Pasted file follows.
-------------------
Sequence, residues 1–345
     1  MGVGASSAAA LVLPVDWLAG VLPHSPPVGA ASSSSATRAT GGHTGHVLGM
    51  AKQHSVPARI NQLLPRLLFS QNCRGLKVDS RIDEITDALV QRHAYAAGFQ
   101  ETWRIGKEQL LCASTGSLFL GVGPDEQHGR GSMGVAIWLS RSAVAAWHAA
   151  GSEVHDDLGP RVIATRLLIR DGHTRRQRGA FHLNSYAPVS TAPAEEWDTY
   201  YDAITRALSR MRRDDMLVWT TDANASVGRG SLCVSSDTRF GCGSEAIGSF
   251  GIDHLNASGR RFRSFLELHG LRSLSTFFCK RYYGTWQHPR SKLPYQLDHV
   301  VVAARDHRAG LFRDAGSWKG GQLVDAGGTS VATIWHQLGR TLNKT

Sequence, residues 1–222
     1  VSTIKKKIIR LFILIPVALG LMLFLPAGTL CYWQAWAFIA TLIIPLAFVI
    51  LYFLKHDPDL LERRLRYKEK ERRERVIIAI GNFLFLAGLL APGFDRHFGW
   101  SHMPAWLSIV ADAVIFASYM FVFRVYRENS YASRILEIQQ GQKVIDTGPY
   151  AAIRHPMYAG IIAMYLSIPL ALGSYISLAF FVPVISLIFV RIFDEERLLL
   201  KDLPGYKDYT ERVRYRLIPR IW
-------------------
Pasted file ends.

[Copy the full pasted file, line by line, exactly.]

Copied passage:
Sequence, residues 1–345
     1  MGVGASSAAA LVLPVDWLAG VLPHSPPVGA ASSSSATRAT GGHTGHVLGM
    51  AKQHSVPARI NQLLPRLLFS QNCRGLKVDS RIDEITDALV QRHAYAAGFQ
   101  ETWRIGKEQL LCASTGSLFL GVGPDEQHGR GSMGVAIWLS RSAVAAWHAA
   151  GSEVHDDLGP RVIATRLLIR DGHTRRQRGA FHLNSYAPVS TAPAEEWDTY
   201  YDAITRALSR MRRDDMLVWT TDANASVGRG SLCVSSDTRF GCGSEAIGSF
   251  GIDHLNASGR RFRSFLELHG LRSLSTFFCK RYYGTWQHPR SKLPYQLDHV
   301  VVAARDHRAG LFRDAGSWKG GQLVDAGGTS VATIWHQLGR TLNKT

Sequence, residues 1–222
     1  VSTIKKKIIR LFILIPVALG LMLFLPAGTL CYWQAWAFIA TLIIPLAFVI
    51  LYFLKHDPDL LERRLRYKEK ERRERVIIAI GNFLFLAGLL APGFDRHFGW
   101  SHMPAWLSIV ADAVIFASYM FVFRVYRENS YASRILEIQQ GQKVIDTGPY
   151  AAIRHPMYAG IIAMYLSIPL ALGSYISLAF FVPVISLIFV RIFDEERLLL
   201  KDLPGYKDYT ERVRYRLIPR IW